Updated: July 5, 2021 3:30:14 am
After lungs, the heart is the most affected organ by Covid-19 and while we know much more about the virus than we did last year, we still don’t know everything, as there are many new issues that are evolving, said Dr RK Jaswal, Director, Cardiology and Cath Lab, Fortis Hospital Mohali, which has treated over 3,500 cardiac patients, many of whom had pre-existing heart conditions or required cardiac care post recovery from Covid.
“We are witnessing the direct and indirect effects of the infection and involvement of the brain, kidney, liver. Looking at the future, I think multidisciplinary post-Covid clinics are the need of the hour, as a large population of the country has been affected with Covid-19,” said Dr Jaswal, adding that nearly 50 per cent of patients admitted to Covid ICUs needed the advice of a cardiologist.
Pressure on chest, chest constriction, pain in the chest, heaviness, simple gastritis symptoms, giddiness, profuse sweating, loss of consciousness, are some of the symptoms being reported post-Covid, and according to Dr Jaswal, these must be examined and not ignored, as 1 out of every 10 case can turn into a serious cardiac issue.
Reflecting on some of the cases, Dr Jaswal recalled a 68-year-old patient who presented with heart rhythm instability after being diagnosed with Covid-19, and needed immediate treatment, a 46-year-old who was diagnosed with Covid-19 in May, and post-diagnosis, complained of chest heaviness and difficulty in breathing. His angiography revealed that he had ‘Critical Single Vessel Disease’, for which he underwent stenting.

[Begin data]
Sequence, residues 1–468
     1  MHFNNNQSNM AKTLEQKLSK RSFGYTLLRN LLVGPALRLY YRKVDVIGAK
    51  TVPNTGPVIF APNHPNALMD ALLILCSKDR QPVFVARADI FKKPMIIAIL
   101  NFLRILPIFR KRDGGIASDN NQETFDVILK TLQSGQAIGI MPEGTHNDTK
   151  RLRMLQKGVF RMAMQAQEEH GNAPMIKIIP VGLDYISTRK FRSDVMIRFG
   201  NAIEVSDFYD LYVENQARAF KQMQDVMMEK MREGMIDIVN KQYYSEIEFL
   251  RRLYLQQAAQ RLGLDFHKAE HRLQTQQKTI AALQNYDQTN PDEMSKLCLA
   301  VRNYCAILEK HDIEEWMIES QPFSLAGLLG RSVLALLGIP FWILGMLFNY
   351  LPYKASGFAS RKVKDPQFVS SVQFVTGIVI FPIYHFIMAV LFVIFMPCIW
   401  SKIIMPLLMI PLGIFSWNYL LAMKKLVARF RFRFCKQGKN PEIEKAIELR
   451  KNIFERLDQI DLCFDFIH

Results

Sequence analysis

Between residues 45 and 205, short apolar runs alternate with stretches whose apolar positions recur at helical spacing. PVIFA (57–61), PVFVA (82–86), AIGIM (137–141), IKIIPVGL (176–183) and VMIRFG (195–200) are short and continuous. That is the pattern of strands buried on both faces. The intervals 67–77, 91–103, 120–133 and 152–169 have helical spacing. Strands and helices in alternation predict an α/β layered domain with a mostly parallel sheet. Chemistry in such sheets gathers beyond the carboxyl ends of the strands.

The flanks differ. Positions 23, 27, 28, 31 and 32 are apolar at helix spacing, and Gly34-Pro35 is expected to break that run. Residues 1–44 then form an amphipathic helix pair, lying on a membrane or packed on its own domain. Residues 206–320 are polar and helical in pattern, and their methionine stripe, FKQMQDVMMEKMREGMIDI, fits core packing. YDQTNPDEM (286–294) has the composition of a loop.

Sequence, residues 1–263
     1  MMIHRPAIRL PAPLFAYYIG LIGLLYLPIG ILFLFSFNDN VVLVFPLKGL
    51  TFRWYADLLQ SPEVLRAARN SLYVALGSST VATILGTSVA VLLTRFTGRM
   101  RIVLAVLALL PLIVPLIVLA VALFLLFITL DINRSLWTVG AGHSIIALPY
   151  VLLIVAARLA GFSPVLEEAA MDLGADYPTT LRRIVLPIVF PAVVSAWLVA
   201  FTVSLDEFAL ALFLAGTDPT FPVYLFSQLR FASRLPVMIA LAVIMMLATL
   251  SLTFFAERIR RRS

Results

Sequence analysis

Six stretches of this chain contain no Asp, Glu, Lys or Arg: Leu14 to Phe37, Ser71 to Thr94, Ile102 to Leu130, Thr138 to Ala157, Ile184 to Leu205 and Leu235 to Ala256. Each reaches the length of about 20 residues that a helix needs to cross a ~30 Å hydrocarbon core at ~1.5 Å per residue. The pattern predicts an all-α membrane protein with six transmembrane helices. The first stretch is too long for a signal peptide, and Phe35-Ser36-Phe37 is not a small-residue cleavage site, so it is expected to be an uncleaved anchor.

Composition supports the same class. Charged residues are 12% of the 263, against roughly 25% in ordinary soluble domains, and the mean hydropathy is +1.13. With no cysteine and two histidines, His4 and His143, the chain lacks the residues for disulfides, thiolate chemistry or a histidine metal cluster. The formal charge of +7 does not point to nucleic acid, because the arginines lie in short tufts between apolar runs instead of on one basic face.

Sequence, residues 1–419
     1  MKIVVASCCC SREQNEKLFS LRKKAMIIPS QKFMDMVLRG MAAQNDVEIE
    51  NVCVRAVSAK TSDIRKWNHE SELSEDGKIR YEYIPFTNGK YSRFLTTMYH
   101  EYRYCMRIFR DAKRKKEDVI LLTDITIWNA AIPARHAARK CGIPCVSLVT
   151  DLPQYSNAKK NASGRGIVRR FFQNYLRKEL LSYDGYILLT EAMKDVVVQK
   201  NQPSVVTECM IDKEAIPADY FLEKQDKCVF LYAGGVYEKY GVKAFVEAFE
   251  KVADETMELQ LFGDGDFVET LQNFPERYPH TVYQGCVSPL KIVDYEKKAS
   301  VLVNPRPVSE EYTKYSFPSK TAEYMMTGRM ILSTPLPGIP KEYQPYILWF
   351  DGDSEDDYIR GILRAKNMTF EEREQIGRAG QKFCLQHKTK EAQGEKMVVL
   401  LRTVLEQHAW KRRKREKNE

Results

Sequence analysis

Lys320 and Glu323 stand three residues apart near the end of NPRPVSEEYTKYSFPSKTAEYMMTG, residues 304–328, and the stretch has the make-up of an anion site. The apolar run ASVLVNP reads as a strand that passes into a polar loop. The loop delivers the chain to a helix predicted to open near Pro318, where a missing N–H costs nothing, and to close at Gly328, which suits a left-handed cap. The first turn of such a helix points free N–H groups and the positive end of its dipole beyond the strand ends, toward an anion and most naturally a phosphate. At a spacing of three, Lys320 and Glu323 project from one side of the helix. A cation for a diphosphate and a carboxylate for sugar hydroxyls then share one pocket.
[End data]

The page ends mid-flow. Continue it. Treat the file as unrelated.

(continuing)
“As the above case studies showcase, several patients diagnosed with Covid develop heart-related ailments (especially if they have a pre-existing cardiac condition). While the majority can be stabilised with medicines, many develop serious complications, which necessitate life-saving cardiac interventions — such as coronary angioplasty, stenting, temporary or permanent pacemaker implantation, and pericardial fluid aspiration. Therefore, it is imperative that Covid and post-Covid patients exercise caution to safeguard themselves from developing complications involving the heart. Chest pain, dyspnoea, palpitations, excessive sweating, vertigo, a sensation of dizziness, transient loss of consciousness, acute shortness of breath and coughing heavily at night, swelling on face, abdomen and feet, tenderness in calf muscles due to deep vein thrombosis, and severe shortness of breath due to pulmonary embolism are some of the warning signs that patients should be on the lookout for.”
Covid-19, he adds, can cause blood clots, and this could cause further complications, including heart muscle inflammation. “We must watch out for any symptoms post-Covid. Around 96 per cent may account to nothing, but some could lead to serious implications, for the after-tremors can be very serious, if we are not prepared,” says Dr. Jaswal, adding that the golden rule to avoid getting infected is to stay at home, maintain social distancing, wear a well-fitting mask and wash your hands frequently. “Take all your prescribed heart medications regularly. Also, keep a record of daily readings of blood pressure and blood sugar. And remember that it is also important to stay hydrated.”
Prof Rajesh Vijayvergiya, Department of Cardiology, PGI, says that patients with underlying heart disease are at increased risk of complications, such as intensive care unit admission, ventilator support, and in some cases also death, following Covid infection. “Also, certain markers of heart injury, which we usually look for minor or major heart attacks, maybe raised in Covid infected patients without heart attacks, hence we have to cautiously interpret the findings and manage them appropriately. Covid infection leads to two types of cardiac complications — one is acute, and the other is chronic when the patient has recovered from the infection. Hence, heart patients who have recovered from the infection should also be evaluated for any progression of underlying heart disease or a new manifestation, especially those elderly with associated comorbid illnesses, such as diabetes, hypertension, renal failure, and chronic respiratory diseases,” explains Prof. Vijayvergiya.
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